According to his jailhouse diary, GG Allin jerked off almost 100 times during his first 30 days in prison. It was 1989 and the outlaw scumfuck was accused of assault after he tortured a fan he met at one of his performances in Detroit. Over the course of several days, he had sex with the woman while she was handcuffed to a bed, burned her with cigarettes, and cut half-moon shapes with the jagged edge of a beer can on the bottom of her breasts. In his version of the events, it was a consensual act of outsider lovemaking. Big fucking deal. The good people of Michigan disagreed and sent the Murder Junkies frontman on an extended vacation to the Michigan Department of Corrections facility in Washtenaw County.
Enjoy Freaks!pre-order the book HERE.
And that’s where we find GG Allin in the hardcover, glossy, limited-edition smorgasbord of thoughts, drawings, missives, and ideas titled My Prison Walls, to be released in July by Aggronautix. Diving into the studied chaos of Allin’s thoughts while he was holed up in the clink might be the best way to commemorate the 20th anniversary of GG’s death. And it’s a blood-splattered ride. Here’s a few excerpts from his handwritten prison journal, “30 Days in the Hole,” and some drawings that he and a few of his favorite serial killers made.
It’s hard to exaggerate the importance of Black Flag to underground music. They pioneered a touring style that is standard for bands today, plus they basically invented hardcore, or at least set the standard for it. Their four bar logo has achieved almost Che-like status in pop culture iconography, but it manages to remain cool and underground at the same time – as Ebersole puts it: “look closely at those four rectangles and you will see a cute little waving black flag representing “ANARCHY;” the stateless state; a DIY politic. No Gods and No Masters, as they say!” I can’t tell you how many people I know or have met who have inked that logo somewhere on their body. With Barred For Life, Stewart Dean Ebersole has put together a photo documentary of how Black Flag has touched people’s lives – literally in the form of tattoos. Interspersed with photos of people he and photographer Jared Castaldi captured along their six years of travel in North America and abroad, Ebersole tells the story of being a punker of the 80′s in America, and how Black Flag figured in punk rock lore of the time. The result is rad to look at and a captivating read, and also includes in-depth interviews with Dez and Chuck. I would wager at least half of you reading this have a Black Flag tattoo on you somewhere, and you know you’re not alone! Check out some of the rad portraits below, and head over to the Barred For Life facebook page here and get your own copy here!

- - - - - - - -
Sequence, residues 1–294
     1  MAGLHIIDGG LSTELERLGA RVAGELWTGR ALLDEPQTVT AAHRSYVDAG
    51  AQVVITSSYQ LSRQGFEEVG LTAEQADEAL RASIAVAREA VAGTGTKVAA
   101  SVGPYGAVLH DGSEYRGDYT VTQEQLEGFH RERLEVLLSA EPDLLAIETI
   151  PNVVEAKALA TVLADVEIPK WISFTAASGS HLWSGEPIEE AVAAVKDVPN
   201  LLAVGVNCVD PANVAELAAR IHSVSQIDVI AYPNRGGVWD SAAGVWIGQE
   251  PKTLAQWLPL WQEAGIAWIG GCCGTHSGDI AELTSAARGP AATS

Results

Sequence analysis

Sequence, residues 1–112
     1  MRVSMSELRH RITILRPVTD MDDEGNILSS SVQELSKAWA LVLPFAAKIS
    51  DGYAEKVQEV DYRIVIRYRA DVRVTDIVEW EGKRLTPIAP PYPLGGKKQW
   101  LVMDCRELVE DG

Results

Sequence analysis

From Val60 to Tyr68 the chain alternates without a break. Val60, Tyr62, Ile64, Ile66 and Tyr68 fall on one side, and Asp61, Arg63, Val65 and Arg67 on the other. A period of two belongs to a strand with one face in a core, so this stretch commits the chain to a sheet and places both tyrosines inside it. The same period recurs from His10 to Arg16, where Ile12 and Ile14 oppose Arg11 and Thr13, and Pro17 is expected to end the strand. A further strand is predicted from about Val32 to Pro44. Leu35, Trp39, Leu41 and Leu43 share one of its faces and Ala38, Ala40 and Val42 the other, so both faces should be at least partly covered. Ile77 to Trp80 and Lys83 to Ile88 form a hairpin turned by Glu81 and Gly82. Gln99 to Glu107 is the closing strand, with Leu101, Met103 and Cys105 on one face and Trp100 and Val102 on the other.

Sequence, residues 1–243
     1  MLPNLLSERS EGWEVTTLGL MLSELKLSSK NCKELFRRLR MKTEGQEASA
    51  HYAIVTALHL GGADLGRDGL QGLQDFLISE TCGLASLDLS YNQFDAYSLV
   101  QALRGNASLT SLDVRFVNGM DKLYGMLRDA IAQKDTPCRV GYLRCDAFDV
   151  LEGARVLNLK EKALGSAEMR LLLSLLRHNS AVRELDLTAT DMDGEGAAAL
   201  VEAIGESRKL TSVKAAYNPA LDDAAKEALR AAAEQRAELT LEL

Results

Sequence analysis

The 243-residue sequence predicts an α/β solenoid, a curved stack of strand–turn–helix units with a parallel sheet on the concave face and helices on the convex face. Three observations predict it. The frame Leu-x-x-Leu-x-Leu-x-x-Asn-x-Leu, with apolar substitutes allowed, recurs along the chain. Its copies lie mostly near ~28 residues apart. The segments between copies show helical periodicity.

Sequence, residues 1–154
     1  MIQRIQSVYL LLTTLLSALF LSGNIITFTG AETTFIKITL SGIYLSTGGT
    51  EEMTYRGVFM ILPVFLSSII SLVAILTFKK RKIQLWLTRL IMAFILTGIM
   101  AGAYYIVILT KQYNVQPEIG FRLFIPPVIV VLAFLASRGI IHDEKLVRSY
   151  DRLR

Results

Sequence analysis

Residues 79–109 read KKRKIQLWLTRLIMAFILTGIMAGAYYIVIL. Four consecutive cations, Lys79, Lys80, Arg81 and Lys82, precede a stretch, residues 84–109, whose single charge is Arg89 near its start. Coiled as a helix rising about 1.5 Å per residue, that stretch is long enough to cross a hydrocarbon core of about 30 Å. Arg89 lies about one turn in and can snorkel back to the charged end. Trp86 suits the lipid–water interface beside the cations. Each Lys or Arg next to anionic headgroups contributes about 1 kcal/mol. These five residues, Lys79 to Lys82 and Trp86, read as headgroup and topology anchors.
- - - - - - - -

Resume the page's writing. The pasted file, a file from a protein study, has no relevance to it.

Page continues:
What would happen if one of your favorite bands got trapped inside of an Alice In Wonderland fantasy world? You would end up with the 1984 play-at-home special featuring Siouxsie & The Banshees alongside Robert Smith telling some bugged out children stories. Hearing each band member speaking through their inner child is pretty awesome! Within the chapters, you will see some outstanding Siouxsie & The Banshees videos. If you have young children who like good music, this is a perfect video for both you and them…Now watch The Banshees do their thing in fantasy land…
“The darkling plain is here. This is the waste land: England, America, Russia, China, Israel, France …. And we are here as victims, or as spectators, or as perpetrators of tortures, massacres, poisonings, manipulations, despoliations.” –Fredy Perlman
If you want to talk about reads that hold, within mere pages of paper, the power to fill you with disgust, bring you to tears, and change your life, Fredy Perlman‘s essay Against His-story, Against Leviathan! is one such read. I’ve read it countless times now, and every read resonates deeply within the core of my being in a new way each time. AHAL! is more or less like “The Rise of Human Civilization 101.” Perlman goes over the rise and fall of human civilizations, and gives gut-wrenching explanations on how they each have impacted our birth in the belly of an artificial beast, Leviathan, who thrives on the disconnect between man and natural world. This essay was written by Perlman in 1983 and served to shape anarcho-primitivist thought.